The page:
Hello, everyone, Earl Breon here, your host for the burden of command podcast. You know, sometimes the burden of command means dealing with the emotional fallout of your decisions. And that can take on a lot of forms. But today I'm going to share a story with you that was I first heard from Dana Perino, she was George W. Bush's former press secretary, you may know her as host of the five she's done a lot of stuff on Fox News. She's written a great book called in the good news is and, you know, if you just know her as the Fox News correspondent, you need to read the book, because she really shines kind of behind the scenes light on the true state of politics in DC, and it's a lot more friendly of a tail than you ever hear on msnbc C or Fox News in full disclosure. Yes, I watch both. So anyways, in her book, and the good news is, and I think maybe I heard her tell the story before the book, but she talks about how President Bush W. was visiting, believe it was Walter Reed is one of the veterans hospitals. And you know, that's something that presidents have done for a really long time, there's accounts going back at least as far as Abraham Lincoln, visiting veterans at we've they called it the the soldiers home at a time, I could be wrong in that. But, you know, this is something that that presidents do in responsibility that they have is commander in chief, you know, if you're going to send if you're going to send our young men and women, my brothers and sisters into harm's way, you got to deal with the fallout of that and kind of be that leader and help help kept them back up as they're recovering if you can. So it was one of these such trips that Dana tells a story about and the President's making his rounds is normal. He's you know, shaking hands with those who are conscious, spending a few minutes with those who are who are in a coma, whether long term or induced for surgery. During these trips, sometimes there will be, you know, they'll be award ceremonies, and there'll be promotions and things like that to happen. But the President comes up on this one room, and the soldiers mother is there now I can't remember what branch of services I'll use soldiers kind of a blanket, it could have been an airman could have been a Marine, but the soldier his mom was in the room with him. That's the point of the story here. And the President spends a couple minutes with the, with the troop. And he goes to leave, and the mama is just very emotional. And she gets up and she starts, starts talking to the president and she's getting more and more emotional. And then she she kind of gets downright angry. And and you know, she doesn't really come right out and and blame George W. Bush for her her son's predicament. But she she has kind of a classic and late unloading session. But but she has kind of a classic unloading session, and she like really starts to lay into the president. And you know, if you've ever seen anything with the president, he's got all sorts of guards around them, you're in a military hospital. So not always going to have Secret Service, but there's going to be some form of military police around and they all start to move in. And who something that's a little unexpected, he waves them off. And, and he just stands there, he just stands there, and he lets her unload. Now, that's the the words I'm pretty sure that Dana uses is just she unleashes on him. And he stands there for a good, you know, 10 or 15 minutes, he spends more time with his mom than then he does most anybody else during the day. And she says the thing that really struck her about the story was that he didn't, he didn't say anything, right, he just listened. And that was impressive to me, because again, this is a guy who was literally just kind of a not have a head, he could have had several people just remove her, but he stood there and he listened. And she said they'd left and they go upstairs and they get on Marine Corps one. And they're flying back to the White House. And she notices him just kind of this blank stare out the window. And when he turns he's got this, you know, terror to rolling down his cheek.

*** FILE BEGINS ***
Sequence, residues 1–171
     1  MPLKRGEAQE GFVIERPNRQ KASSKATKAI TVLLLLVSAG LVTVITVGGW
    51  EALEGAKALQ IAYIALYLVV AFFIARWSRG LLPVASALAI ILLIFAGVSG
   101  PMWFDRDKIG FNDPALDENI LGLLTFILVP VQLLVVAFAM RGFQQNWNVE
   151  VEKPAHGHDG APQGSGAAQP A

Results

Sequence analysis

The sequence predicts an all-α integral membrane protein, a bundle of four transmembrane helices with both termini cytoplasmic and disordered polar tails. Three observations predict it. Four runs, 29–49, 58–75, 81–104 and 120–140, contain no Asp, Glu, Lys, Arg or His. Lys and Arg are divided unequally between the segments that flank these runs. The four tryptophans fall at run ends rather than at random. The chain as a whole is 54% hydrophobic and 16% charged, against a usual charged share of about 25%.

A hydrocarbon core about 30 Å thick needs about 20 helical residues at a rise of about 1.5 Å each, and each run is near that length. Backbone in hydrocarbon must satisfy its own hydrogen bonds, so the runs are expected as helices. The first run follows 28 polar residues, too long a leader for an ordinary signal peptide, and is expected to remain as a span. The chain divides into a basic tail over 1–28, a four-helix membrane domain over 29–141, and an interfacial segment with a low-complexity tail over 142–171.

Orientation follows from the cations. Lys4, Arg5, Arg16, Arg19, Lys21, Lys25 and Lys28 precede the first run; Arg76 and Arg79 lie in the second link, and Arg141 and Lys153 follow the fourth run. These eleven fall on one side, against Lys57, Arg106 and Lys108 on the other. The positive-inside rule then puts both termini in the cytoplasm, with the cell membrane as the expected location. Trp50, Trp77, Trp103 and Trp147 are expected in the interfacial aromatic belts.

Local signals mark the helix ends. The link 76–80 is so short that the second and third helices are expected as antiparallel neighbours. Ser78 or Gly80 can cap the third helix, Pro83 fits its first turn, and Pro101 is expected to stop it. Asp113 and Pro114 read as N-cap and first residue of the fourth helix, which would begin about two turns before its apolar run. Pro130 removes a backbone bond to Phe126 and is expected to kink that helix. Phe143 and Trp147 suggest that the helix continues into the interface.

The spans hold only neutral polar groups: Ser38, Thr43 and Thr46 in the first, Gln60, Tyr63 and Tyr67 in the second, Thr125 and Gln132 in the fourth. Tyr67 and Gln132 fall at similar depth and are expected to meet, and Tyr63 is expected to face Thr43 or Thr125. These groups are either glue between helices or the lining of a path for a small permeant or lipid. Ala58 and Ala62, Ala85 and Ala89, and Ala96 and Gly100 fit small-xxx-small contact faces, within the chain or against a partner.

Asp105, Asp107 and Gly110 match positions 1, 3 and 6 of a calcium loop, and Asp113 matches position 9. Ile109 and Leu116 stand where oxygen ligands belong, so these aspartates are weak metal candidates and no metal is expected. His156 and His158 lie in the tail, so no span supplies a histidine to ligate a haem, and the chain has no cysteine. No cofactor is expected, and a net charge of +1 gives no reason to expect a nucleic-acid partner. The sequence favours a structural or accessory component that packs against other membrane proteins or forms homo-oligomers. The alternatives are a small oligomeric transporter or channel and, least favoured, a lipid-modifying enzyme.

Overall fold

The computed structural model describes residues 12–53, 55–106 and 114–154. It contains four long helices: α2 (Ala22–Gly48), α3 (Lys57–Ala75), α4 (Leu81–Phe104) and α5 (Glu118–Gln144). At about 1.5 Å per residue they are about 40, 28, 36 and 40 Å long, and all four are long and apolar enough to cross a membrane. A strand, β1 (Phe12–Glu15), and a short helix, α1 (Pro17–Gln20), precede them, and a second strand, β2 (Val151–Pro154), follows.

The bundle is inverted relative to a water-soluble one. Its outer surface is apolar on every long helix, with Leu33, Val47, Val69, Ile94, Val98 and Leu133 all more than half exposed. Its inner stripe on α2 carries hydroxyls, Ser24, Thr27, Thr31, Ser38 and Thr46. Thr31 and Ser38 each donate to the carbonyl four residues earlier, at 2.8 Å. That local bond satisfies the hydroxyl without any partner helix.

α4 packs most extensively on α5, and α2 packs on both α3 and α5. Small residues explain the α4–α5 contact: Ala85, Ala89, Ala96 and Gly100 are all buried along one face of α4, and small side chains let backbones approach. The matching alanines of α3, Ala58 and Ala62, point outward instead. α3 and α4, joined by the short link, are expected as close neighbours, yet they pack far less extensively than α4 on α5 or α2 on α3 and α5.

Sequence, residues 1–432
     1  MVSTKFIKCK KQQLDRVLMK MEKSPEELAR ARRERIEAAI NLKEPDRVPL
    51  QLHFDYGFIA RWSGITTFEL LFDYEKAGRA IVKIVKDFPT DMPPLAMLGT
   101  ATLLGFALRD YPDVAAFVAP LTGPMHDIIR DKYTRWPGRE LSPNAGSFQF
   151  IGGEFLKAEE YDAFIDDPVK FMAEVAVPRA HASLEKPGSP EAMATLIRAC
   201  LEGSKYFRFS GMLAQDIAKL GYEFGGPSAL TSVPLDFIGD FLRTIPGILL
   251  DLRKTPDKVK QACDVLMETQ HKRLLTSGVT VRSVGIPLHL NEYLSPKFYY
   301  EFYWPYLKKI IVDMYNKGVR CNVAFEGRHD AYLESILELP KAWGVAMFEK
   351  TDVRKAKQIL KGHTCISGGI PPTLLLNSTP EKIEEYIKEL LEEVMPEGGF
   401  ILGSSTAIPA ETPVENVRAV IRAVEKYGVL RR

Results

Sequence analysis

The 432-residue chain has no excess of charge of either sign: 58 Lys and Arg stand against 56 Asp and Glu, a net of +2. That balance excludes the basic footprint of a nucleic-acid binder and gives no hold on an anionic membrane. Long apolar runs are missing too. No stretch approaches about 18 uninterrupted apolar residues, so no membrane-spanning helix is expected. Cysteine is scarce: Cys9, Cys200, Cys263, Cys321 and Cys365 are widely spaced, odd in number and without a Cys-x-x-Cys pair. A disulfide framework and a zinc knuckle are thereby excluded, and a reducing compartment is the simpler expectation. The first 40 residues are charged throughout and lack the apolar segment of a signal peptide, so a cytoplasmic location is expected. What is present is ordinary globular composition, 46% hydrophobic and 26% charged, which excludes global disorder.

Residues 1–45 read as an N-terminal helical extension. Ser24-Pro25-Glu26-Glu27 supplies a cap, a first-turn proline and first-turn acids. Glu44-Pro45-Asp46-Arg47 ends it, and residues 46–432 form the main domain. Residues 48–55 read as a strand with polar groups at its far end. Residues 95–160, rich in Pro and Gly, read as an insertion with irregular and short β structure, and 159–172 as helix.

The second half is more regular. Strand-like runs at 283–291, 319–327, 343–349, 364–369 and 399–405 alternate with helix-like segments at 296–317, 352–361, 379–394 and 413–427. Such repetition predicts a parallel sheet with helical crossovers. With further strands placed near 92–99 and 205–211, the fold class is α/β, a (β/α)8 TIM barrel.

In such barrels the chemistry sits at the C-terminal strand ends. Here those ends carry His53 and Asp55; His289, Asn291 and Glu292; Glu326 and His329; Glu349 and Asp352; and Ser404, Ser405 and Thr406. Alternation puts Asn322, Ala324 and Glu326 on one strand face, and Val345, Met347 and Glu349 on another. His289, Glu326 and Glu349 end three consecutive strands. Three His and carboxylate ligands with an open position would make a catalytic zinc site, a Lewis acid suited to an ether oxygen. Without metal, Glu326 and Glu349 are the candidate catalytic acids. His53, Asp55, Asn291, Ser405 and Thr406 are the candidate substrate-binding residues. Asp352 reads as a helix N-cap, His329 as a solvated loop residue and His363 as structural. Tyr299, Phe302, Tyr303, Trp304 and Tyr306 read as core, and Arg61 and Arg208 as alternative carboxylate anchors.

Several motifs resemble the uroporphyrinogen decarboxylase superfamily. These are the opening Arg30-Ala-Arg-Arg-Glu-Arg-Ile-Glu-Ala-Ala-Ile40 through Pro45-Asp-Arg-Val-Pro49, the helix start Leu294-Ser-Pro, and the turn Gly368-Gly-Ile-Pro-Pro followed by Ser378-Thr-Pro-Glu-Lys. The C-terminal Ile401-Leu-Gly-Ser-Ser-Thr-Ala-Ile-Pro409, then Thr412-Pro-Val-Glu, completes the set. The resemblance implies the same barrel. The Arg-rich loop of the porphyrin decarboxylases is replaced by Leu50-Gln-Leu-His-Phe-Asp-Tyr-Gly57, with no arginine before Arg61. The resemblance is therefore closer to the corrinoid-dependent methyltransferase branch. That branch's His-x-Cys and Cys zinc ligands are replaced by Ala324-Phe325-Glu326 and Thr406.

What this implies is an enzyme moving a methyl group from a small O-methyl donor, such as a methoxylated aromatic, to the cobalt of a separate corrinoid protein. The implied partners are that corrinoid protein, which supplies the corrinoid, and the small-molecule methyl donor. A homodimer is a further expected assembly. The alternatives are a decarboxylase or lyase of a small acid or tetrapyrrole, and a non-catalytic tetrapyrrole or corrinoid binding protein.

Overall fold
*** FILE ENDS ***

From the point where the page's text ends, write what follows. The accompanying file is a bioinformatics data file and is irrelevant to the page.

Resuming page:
And he wants to, and he looks at Dana and he goes, man, that mom was sure mad at me. And she said, you know, she realized what happened was he had kind of internalized the the the burden of his position. Thanks to that mom, because he really, really, really saw that connection between the decisions he makes, to how it impacts one of the troops lives, to how it impacts those that love them. And it was from that day forward, that he really wanted to make more trips to the hospitals and spend more and more time with events, they've done a good amount before. It's not like he didn't. But this was something that really cemented that mission, that piece of his job. And, folks, it's the same thing with you, in your profession, whatever your profession may be, you see, the difference sessions you make, don't just impact your office, your team, they do have ripple effects outside, if you treat people well at work, they're going to go home, and they're going to be more likely to treat their family well to treat their loved ones will. Now sure some people are just jerks period, it doesn't matter how much you how much you make them feel good at work, they're going to go home, and they're still going to yell and scream and be a jerk. But by and large, if you treat people well at work, they're going to treat the people around them well. If you treat them poorly, chances are pretty good, they're going to go home, and they're going to treat those around them poorly. So you got to keep that in mind this this thing, this leadership thing is not confined to this vacuum of the office. It has real, lasting and impacts on the world around you. So you know, when people talk about changing the world, this is where I say and I don't mean this in some pie in the sky in kind of fashion, the easiest way to change the world is to become a leader, everything you do has an impact on the entire world around you. Because, you know, this is how this ripple effect works. You treat somebody well at work, they learn good leadership skills and abilities from you. They go home, they go to church, maybe they have a second job, they're going to treat people in those parts of their lives, more like how you treat them, because that's how they want to be treated. And that happens over and over and over again. You treat them poorly. They're going to not because it's how they want to be treated. But they're going to treat those around them poorly because they're in a bad mood. They're grumpy, they're grouchy, they're doing all of these things that ripples out throughout the world. So you do have all of the power right now as a leader, to change the world. It's really that simple. You can shape and mold the world around you not just inside of your little office. But all around you. Could you see
everybody you work with has mothers, fathers, brothers, sisters, aunts, uncles, wives, husbands, children, all of these types of personal relationships, they have friends that they hang out with your decisions, don't just stop at work, that you need to really understand and grasp that concept. Because leadership, is that powerful. You know, I say it a lot i can i truly, truly, truly believe every single thing that is wrong in this world. Everything. sexism, racism, ages of wars, famine, poverty, I don't care what it is. If you get down to the root of everything that is wrong in this world, you're going to find bad leadership. I mean, it's just that simple. You're going to find bad leadership. How can bad leadership create a famine? Bad land management? I mean, think about the Dust Bowl years here in the United States, one of the primary causes, then yes, there were some meteorological phenomenon that were beyond our control. But one of the primary causes was over tapping the aquifer and drying out the land. So when drought hit, it was magnified. And so we had the Dust Bowl, bad leadership, if somebody had stood up and said, Hey, we got to stop this. Maybe we don't have that happen. Now, it probably still going to happen to an extent because again, those meteorological phenomena that we can't control, but that's just an example. You know, wars, a lot of times, wars are breakdowns and communication. And then we have bad leadership decisions that happen because of that, you know, General Power. At a time Secretary of State, he gets a lot of grief for making that statement front of the UN Council. But if you go back and you look, there was a communications there, that was a failure of leadership. When he made those statements, he truly believed that that was the best Intel and what was going on, despite, you know, because of all the communications failures, I mean, those are just a couple of examples of how bad leadership has led to bad things in the world. So that is the lesson from this story that I want you to take away the most your decisions, as a leader have a ripple effect. And at some point in time, you're going to see the full effect of what those ripple effects are. Sometimes it's going to present itself to you as an angry Bama yelling and screaming at you. Sometimes it's going to present itself is somebody naming their child after you that's going to be completely dictated on the quality of your decisions. So look, when it happens, how you handle it is just as important as the decisions you made this kind of the second part of this story. We're talking about a president here. Again, this is a person who could have snap their fingers and hand this woman taken away from him, or had her blockaded off from him. But he didn't he chose empathy. He chose to sit there and he chose to listen. And how do you think that woman felt? Having what many people around the country call the most powerful man in the world? sit and listen to her. Now, how often do you do that with your team? Do you ever just sit and listen to you give them a chance to have just a good old fashioned pitch session? Oh, no. Some people do. Some people don't. But it's a good thing for your leadership. Sometimes people just need to vent know you're listening. And and then you can move on. Now, there's a fine line between venting and complaining. And that's probably a whole nother podcast in and of itself. So I'm not going to go down that rabbit hole. But the the two primary morals of this story and maybe there's some more is your decisions, no matter how sound no matter how just no matter how rationalized are going to have consequences, far reaching how those consequences come back to you and how you handle that situation is going to say as much about you and your leadership as anything else. So there you have it. That's the story of President Bush and the angry mama and a couple of leadership lessons from that. Again, my name is Earl Breon. And I am the host of this podcast the burden of command podcast. If you have any comments, questions or concerns for me, you can reach out to me at burden dot command at gmail. com. That's burden email@example.com.